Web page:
If your goal is simply to maximize employer contributions, you should be fine. As you have observed, there wasn't a way to get fully matched on the 15k that you've already contributed, you were only matched on the first 4% of your salary. But, contributing more than 4% meant that you left none of that employer match money on the table, good job!
You say you have about $3,500 left to contribute for the year, and your new employer will match the first 2% of of salary deferrals. This means that you can still maximize the employer match without going over the personal contribution limit, as long as your new salary is $233,333 or less (assuming you started your new job April 1st or later). At this rate, you would earn $175,000 in the remainder of the year, and 2% of that is $3,500.
Say, for example your new salary is $100,000 per year. You would want to defer 3.5% of this to fill out the remainder of your personal contribution limit for 2018, if you had the whole year to do so. However, you only have 3/4 of the year left to make contributions, so really you need to contribute 3,500/75,000 = 4.6%. This is low enough to not exceed the personal limit by year-end and high enough to get the full company match of 2% on all remaining paychecks for the year.
Note: IRA contributions are not deductible against gross income when calculating your Massachusetts state income tax liability, so directing a higher portion of your earnings to a 401k there Vs. your Texas earnings wouldn't do you any favors from a tax perspective.
Edit: 401k deferrals are deductible against gross income for Massachusetts state income tax purposes.
Edit 2: If you want to make more deferrals at your new employer The consensus from other online fora regarding this topic (other people in basically the exact same situation as yourself) suggest that you would need to discuss this with the plan administrator at your previous employer. They should be able to distribute funds from your old 401k account and then report this as a returned "excess deferral" on Form 1099-R. This would count as taxable income to you, since it was not subject to payroll taxes at the time it was directed to your 401k.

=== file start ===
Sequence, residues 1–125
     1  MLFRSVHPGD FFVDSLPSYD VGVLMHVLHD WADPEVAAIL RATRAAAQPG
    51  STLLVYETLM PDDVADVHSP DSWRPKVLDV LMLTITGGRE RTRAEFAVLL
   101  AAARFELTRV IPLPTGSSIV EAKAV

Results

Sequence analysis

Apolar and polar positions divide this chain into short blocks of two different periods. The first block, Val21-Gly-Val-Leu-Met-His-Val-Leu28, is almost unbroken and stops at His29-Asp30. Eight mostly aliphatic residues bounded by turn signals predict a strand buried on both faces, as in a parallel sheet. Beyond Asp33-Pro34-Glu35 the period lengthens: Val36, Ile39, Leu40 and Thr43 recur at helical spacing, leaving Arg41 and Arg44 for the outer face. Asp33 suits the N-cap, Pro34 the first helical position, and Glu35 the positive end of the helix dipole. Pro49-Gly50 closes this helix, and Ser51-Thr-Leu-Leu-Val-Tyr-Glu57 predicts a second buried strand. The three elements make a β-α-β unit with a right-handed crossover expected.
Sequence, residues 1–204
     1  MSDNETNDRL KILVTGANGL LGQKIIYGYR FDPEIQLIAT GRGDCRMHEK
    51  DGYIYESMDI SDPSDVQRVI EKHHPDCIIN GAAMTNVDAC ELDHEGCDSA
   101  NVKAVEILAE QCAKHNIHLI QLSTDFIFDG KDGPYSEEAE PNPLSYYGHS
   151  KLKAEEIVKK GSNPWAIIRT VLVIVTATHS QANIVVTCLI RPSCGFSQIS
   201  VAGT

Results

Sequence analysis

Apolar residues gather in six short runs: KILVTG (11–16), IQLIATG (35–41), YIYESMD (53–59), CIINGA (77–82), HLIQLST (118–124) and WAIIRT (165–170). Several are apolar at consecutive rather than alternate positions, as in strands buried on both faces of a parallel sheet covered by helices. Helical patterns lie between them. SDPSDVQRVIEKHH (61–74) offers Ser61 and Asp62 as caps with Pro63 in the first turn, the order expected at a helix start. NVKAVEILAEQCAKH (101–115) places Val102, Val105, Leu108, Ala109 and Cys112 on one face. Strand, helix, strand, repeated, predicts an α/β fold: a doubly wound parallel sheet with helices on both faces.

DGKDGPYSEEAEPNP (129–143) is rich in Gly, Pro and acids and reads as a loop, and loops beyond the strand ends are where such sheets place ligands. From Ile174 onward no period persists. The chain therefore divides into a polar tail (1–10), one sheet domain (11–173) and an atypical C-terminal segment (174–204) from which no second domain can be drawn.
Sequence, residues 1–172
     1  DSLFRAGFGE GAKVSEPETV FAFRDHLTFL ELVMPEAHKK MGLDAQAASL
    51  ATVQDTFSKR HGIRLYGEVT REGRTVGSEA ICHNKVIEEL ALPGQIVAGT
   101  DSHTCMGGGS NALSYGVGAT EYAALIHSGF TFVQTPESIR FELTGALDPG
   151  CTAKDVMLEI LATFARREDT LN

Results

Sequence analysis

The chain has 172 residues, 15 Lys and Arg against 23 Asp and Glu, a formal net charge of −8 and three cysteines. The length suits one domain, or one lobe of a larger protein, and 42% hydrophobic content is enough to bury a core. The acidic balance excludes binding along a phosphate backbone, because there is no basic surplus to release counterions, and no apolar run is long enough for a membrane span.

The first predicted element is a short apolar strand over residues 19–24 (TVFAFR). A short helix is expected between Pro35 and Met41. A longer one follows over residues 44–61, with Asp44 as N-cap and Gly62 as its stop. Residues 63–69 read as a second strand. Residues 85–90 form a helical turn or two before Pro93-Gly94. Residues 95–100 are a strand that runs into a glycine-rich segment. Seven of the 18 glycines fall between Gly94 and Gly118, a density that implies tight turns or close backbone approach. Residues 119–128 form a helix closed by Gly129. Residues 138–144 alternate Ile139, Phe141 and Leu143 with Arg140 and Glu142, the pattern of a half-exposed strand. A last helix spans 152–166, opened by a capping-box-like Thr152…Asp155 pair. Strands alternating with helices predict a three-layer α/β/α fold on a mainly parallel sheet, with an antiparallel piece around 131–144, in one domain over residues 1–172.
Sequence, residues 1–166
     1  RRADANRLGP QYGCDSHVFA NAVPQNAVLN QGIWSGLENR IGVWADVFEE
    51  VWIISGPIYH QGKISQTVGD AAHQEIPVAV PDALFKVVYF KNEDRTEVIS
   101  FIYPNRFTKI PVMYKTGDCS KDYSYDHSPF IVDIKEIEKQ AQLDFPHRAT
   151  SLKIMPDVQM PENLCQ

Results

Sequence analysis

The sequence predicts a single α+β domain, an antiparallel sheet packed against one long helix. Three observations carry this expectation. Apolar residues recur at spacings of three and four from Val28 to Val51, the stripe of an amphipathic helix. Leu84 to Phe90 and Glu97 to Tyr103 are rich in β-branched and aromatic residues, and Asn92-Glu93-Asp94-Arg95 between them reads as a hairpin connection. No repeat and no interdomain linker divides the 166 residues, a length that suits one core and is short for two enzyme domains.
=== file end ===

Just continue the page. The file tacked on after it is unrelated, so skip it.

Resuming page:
Excess deferral, as the name implies, means you could only do this for the portion of your personal salary deferrals made that exceed the contribution limit of $18,500. So you would need to work with the administrator at the end of the year, when you know exactly what your total contributions have been between both 401k accounts.
It does not appear that the plan administrator is under any specific obligation to issue a distribution or file a 1099-R for you (in which case if you do go ahead and over-contribute then you'd have to work it out with the IRS) so plead nicely.
Note: depending on how Massachusetts handles your return, there might not be any benefit to going through all this. If you get a 1099-R for the returned excess deferrals then that amount will be taxable. I do not know if they would tax you on 3/4 of it (the portion of the year you were in MA), all of it, or none of it. Consulting a tax specialist might be a good idea.